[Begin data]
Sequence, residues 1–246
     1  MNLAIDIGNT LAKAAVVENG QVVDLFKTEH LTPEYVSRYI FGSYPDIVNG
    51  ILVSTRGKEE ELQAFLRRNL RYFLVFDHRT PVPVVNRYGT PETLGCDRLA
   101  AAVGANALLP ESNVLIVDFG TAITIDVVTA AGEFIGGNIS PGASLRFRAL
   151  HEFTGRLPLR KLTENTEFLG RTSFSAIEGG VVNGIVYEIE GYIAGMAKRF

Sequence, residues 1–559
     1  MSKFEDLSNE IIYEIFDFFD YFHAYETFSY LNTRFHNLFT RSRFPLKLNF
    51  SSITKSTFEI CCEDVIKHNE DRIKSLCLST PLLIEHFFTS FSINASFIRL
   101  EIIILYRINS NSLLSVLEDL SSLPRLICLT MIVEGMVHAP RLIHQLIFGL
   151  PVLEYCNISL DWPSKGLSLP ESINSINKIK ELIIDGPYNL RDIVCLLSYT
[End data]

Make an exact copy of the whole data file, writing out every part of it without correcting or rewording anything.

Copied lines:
Sequence, residues 1–246
     1  MNLAIDIGNT LAKAAVVENG QVVDLFKTEH LTPEYVSRYI FGSYPDIVNG
    51  ILVSTRGKEE ELQAFLRRNL RYFLVFDHRT PVPVVNRYGT PETLGCDRLA
   101  AAVGANALLP ESNVLIVDFG TAITIDVVTA AGEFIGGNIS PGASLRFRAL
   151  HEFTGRLPLR KLTENTEFLG RTSFSAIEGG VVNGIVYEIE GYIAGMAKRF

Sequence, residues 1–559
     1  MSKFEDLSNE IIYEIFDFFD YFHAYETFSY LNTRFHNLFT RSRFPLKLNF
    51  SSITKSTFEI CCEDVIKHNE DRIKSLCLST PLLIEHFFTS FSINASFIRL
   101  EIIILYRINS NSLLSVLEDL SSLPRLICLT MIVEGMVHAP RLIHQLIFGL
   151  PVLEYCNISL DWPSKGLSLP ESINSINKIK ELIIDGPYNL RDIVCLLSYT